The Israeli intelligence estimate is the sanctions will not prove to be sufficient. Professor Mordechai Kedar of Bar-Ilan University forecasts the Iranian regime will actually escalate its efforts to acquire a nuclear bomb. Writing in Yisrael Hayom, Kedar was of the view the Iranians feel their control over the Straits of Hormuz (narrow passageway through which tankers must sail in order to ship oil from the Gulf) provides them with immunity from attack. Tehran can also be expected to expand its influence in the Gulf states some of which may cross over to Iran’s side in light of what they perceive as America’s weakness. Kedar concluded: ‘Look for the Iranian rhetoric to rise as well as the potential for war’.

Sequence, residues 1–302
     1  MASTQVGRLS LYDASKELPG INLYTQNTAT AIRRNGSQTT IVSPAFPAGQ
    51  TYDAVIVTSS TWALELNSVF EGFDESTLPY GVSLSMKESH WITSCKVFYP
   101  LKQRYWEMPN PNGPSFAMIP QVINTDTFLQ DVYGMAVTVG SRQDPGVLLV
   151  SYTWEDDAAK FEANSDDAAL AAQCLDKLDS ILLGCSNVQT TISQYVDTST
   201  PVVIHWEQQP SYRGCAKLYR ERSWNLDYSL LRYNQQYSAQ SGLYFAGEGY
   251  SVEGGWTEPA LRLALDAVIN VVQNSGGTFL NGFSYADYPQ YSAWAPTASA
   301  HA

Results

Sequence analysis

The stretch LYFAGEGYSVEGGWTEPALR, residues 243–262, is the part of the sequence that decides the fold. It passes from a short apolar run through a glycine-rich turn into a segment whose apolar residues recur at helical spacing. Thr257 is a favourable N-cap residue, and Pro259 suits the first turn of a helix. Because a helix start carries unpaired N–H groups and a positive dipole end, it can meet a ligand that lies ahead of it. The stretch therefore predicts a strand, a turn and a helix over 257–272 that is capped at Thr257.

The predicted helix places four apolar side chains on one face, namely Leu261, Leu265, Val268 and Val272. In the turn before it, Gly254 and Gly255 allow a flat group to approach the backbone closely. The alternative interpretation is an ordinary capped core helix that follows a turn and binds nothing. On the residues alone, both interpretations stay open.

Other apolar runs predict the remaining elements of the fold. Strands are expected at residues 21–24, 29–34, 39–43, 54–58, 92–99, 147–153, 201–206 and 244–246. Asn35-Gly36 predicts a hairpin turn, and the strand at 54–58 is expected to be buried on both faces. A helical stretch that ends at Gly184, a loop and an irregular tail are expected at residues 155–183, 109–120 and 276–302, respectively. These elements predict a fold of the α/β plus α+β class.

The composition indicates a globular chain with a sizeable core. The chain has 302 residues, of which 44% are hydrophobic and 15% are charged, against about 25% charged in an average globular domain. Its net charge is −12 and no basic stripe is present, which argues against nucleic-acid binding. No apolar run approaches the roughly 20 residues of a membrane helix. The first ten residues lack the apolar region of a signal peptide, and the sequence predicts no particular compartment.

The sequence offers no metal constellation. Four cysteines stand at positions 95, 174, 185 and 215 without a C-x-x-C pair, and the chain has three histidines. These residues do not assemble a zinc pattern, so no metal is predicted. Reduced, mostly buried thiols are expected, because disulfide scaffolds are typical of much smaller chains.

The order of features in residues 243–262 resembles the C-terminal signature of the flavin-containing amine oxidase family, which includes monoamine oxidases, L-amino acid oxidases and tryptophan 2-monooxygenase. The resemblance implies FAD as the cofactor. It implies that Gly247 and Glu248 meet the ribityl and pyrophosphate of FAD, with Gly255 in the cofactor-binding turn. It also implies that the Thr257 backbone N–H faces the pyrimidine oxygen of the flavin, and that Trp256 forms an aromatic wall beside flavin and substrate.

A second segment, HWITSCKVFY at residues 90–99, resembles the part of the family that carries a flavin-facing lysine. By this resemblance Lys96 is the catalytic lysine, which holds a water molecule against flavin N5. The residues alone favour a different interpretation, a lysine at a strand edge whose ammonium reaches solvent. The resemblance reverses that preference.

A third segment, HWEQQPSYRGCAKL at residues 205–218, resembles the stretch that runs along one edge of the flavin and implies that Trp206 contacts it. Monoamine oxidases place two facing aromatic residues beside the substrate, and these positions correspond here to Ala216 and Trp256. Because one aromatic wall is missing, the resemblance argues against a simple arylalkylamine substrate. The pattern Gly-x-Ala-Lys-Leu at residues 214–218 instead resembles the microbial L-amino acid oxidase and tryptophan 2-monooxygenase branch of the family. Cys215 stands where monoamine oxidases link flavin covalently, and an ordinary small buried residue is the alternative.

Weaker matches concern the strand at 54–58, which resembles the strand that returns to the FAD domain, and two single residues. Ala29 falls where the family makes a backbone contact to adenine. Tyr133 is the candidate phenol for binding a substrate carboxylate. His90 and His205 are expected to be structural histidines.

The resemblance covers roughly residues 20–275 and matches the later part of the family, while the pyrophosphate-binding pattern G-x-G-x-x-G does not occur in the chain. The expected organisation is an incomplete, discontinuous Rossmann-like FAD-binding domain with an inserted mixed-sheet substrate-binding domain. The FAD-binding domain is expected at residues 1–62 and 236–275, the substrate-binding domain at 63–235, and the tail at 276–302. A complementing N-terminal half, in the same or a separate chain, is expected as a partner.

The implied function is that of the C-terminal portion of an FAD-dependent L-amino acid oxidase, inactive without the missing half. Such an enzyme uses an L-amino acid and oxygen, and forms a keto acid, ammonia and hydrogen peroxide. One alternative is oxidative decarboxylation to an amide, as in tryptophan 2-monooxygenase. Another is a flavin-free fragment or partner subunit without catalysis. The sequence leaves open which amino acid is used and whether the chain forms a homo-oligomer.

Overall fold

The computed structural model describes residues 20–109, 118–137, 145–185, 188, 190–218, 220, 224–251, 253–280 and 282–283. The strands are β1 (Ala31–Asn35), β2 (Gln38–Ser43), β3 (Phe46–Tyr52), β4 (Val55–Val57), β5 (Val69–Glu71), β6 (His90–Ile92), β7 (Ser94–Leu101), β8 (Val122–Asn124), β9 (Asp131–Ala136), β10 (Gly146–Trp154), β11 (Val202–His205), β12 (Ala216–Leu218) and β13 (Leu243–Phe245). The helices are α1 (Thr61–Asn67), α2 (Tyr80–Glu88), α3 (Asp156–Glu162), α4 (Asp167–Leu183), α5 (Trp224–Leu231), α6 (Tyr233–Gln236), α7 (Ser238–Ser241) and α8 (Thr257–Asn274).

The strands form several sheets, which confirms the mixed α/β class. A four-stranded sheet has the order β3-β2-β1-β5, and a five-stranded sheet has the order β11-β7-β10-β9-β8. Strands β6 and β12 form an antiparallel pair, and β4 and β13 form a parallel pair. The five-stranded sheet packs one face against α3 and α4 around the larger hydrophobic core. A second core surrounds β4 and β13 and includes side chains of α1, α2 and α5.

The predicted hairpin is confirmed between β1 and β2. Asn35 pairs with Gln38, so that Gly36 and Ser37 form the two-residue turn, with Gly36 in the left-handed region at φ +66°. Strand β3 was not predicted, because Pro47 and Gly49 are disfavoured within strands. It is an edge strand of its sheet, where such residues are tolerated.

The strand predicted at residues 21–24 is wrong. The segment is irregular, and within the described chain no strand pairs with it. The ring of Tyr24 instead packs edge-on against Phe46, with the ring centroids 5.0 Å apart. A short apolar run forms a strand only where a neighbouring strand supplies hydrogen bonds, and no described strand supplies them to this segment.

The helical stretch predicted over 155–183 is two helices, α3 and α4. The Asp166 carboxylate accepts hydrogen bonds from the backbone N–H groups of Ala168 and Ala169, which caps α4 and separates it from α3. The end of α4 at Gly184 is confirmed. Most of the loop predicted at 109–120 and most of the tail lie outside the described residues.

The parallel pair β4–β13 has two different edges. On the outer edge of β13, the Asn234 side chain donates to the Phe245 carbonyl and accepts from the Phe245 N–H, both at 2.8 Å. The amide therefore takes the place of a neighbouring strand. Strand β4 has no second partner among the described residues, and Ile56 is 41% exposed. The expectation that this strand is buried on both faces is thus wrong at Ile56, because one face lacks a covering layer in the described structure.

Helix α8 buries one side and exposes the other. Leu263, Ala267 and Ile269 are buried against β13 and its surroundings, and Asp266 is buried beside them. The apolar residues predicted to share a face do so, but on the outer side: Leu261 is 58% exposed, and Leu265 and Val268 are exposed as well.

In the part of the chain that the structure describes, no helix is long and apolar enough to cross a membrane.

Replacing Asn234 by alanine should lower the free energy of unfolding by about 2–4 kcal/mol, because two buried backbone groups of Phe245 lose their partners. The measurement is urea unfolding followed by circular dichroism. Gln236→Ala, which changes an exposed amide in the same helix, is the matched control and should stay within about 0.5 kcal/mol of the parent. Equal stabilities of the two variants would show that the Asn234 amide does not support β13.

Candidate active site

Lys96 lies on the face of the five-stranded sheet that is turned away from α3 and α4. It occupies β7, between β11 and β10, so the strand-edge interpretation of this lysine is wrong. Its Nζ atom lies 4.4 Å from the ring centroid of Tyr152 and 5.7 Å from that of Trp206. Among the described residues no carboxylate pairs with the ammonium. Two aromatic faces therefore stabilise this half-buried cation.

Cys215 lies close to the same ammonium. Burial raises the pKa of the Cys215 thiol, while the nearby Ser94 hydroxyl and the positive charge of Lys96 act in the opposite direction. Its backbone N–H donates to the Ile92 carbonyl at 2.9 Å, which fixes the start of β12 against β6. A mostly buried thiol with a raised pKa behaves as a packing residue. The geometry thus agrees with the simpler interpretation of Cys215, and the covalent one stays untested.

Indeed there are more manifestations of concern in the Sunni Gulf states that the international community is not doing enough to stop Iran’s drive for nuclear weapons. The specter of an atomic bomb in the hands of the despised Shi’ite regime in Tehran now appears to worry the Gulf states as much as it does Israel. Memri, the Israeli website that monitors the Arabic media, translated an excerpt from a column in the Kuwaiti newspaper Al Watan on August 16th. Columnist Abdullah al-Hadlaq wrote of the futility of sanctions and diplomacy in dealing with Iran: ‘Is the international community still unaware of the fact that Iran’s Persian regime excels at dragging its feet and at deceiving the world and leading it astray with futile illusions and false hopes, while at the same time proceeding with its illegal nuclear activities? How long can the international community rely solely on negotiations with the Persian side, especially after the fascist Persian regime in Tehran has ordered the Revolutionary Guards to make preparations for an all-out war in the Middle East? …Hasn’t the time come for the international community to take action in order to prevent Iran from going nuclear?’